ATTORNEYS GENERAL ANNOUNCE AGREEMENT WITH FACEBOOK TO MAKE SITE SAFER FOR UNDERAGE USERS
123 Illinois Sex Offenders from MySpace Discovered on Facebook
Chicago - Illinois Attorney General Lisa Madigan announced today that Facebook has agreed to make key changes to its social networking site that will better protect children from predators and inappropriate content. Madigan joined the attorneys general of 49 other states and the District of Columbia in the agreement resulting in actions by Facebook similar to those MySpace agreed to in January 2008.
Since 2006, Madigan has actively worked with a group of state attorneys general seeking to make social networking Web sites safer. Following the discovery of more than 1,800 Illinois sex offenders on MySpace, a Madigan subpoena to Facebook discovered 123 of those MySpace Illinois sex offenders had created profiles on Facebook, as well. Facebook has since removed those profiles.
“As with MySpace, I am concerned that young people communicating through Facebook run into risks of having contact with sexual predators roaming the Internet looking to meet children, teens and others,” said Madigan. “Many Facebook users are children who are simply too trusting and sometimes too free with the information they make available on their Facebook pages.
As part of the agreement announced today, Facebook will:
Facebook also has agreed to maintain a list of pornographic Web sites and regularly cut any links to such sites. The company will remove groups for incest, pedophilia, cyberbullying and other violations of the site’s terms of services, as well as expel from the site individual violators of those terms. The social network site also has agreed to more prominently display safety tips to its users, require users under age 18 to affirm they have read Facebook’s safety tips when they register and regularly review models for abuse reporting.
Today’s agreement with Facebook includes a Joint Statement on Key Principles of Social Networking Sites Safety developed by the attorneys general similar to those agreed to by MySpace. The principles fall into four categories:
Madigan’s participation in the Facebook and MySpace agreements are the latest steps in her continued legislative, law enforcement and policy efforts to protect young people from online predators.
As part of her law enforcement efforts, the Attorney General has served 11 subpoenas on MySpace to obtain the names and other identifying information of convicted sex offenders with profiles online. The information has been useful in the enforcement of parole and probation conditions prohibiting offenders from accessing the Internet or contacting minors. To date, the subpoenas have revealed 2,644 profiles belonging to 1,812 sex offenders in Illinois. A full report on the results of the MySpace subpoenas is available at www.illinoisattorneygeneral.gov.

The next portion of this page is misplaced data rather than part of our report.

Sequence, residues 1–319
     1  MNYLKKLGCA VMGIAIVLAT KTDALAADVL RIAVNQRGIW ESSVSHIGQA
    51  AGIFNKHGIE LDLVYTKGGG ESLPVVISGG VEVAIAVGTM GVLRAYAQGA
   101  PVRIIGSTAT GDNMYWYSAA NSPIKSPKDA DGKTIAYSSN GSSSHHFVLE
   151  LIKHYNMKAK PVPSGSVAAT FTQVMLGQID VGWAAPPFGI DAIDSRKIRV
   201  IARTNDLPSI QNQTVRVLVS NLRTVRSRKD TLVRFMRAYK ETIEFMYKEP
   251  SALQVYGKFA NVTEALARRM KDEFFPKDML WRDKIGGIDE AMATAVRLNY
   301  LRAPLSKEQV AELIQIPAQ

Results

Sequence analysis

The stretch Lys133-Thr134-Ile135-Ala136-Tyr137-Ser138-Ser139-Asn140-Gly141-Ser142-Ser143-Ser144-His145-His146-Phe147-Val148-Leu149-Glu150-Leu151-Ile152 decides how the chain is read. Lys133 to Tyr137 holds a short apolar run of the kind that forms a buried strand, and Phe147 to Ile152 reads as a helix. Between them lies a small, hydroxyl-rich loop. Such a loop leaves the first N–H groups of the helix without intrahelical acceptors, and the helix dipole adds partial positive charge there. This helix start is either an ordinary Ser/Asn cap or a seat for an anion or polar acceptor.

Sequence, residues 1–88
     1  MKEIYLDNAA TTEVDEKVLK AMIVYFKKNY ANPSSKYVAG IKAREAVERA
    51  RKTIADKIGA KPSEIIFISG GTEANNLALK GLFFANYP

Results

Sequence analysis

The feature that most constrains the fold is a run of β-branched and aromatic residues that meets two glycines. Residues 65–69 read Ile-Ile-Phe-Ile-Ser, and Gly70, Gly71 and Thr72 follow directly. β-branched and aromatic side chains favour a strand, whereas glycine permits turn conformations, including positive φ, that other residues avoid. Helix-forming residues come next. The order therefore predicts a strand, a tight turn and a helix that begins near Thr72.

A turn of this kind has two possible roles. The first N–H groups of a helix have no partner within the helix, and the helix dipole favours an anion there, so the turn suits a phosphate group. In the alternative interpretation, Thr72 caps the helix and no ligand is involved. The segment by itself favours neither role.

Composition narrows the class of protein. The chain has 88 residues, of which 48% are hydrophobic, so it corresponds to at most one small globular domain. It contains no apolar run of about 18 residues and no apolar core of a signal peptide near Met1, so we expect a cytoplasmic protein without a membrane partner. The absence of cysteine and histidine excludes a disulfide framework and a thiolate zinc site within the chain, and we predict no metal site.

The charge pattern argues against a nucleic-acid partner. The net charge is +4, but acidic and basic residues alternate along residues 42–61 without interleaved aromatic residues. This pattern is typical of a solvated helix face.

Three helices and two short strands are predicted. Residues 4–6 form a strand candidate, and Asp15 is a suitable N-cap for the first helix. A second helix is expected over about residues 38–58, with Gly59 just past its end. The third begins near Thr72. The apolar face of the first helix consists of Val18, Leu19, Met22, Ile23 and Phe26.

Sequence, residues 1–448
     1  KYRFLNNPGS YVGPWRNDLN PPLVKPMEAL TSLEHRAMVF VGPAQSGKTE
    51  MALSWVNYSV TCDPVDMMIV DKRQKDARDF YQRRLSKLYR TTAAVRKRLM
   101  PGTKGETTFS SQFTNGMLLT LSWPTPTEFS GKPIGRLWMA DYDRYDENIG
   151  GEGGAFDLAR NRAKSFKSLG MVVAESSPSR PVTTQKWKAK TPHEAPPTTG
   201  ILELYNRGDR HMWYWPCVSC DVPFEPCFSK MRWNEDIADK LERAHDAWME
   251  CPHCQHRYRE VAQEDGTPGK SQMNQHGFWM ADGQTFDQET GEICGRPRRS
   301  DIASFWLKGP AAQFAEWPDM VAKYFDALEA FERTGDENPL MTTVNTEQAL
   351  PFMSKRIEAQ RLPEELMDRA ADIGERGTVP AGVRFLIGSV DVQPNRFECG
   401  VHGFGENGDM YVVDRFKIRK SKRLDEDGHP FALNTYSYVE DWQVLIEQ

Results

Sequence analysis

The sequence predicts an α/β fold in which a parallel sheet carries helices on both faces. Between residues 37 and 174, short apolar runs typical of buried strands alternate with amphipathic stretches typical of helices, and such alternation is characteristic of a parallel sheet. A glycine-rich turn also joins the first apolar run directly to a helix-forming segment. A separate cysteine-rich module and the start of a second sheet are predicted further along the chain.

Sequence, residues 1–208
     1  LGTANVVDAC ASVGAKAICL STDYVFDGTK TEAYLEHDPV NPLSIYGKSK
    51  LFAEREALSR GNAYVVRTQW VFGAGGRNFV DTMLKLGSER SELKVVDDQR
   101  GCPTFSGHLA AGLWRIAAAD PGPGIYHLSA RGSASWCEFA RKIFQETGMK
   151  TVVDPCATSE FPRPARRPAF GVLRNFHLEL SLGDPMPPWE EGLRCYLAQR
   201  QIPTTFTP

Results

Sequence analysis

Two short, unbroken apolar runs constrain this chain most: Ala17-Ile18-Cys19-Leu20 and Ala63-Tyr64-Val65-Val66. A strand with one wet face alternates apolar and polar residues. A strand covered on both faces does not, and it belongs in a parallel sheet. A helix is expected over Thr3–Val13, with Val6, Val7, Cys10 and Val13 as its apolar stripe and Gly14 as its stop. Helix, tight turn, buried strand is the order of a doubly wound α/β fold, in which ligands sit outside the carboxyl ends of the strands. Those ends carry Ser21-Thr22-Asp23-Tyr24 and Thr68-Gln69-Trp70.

Madigan initiated Operation “We C U” to investigate the dissemination of computer videos containing pornographic images of children ranging in age from infants to teens. To date, the investigation, which includes issuing and executing search warrants, has resulted in the arrest of three individuals currently awaiting prosecution.
Additionally, as a result of 2007 legislation that Madigan drafted, a new Illinois Cyber Crimes Location Database will begin on June 1 collecting and storing IP addresses from sex offenders upon registration. This database will be used to help investigate online child exploitation crimes.
Madigan also drafted the Internet Safety Education Act, which became law in 2007 and encourages Illinois schools to adopt an age-appropriate Internet safety curriculum for students in grades K through 12.
Last year, she developed a back-to-school safety initiative to provide key principles for Internet safety to Illinois schools to reinforce the fundamentals of Internet safety; and partnered with the Illinois State Alliance of YMCAs to expand the reach of Internet safety education to Y programs around the state.
Along with these initiatives, the Attorney General’s office, through a grant from the Department of Justice, operates the Illinois Internet Crimes Against Children Task Force (ICAC), one of 59 task forces across the nation designed to investigate child exploitation crimes and to provide Internet safety education. In 2007, the Illinois ICAC task force provided Internet safety training and education to more than 20,000 parents, children and professionals including initiating new training tools for law enforcement officials focusing on the potential problems caused by emerging social networking Web sites aimed at very young children, such as Club Penguin and Webkinz, as well as a training program for junior high and high school personnel to combat cyberbullying. The Illinois ICAC also responded to more than 579 cyber tips received from the National Center for Missing and Exploited Children.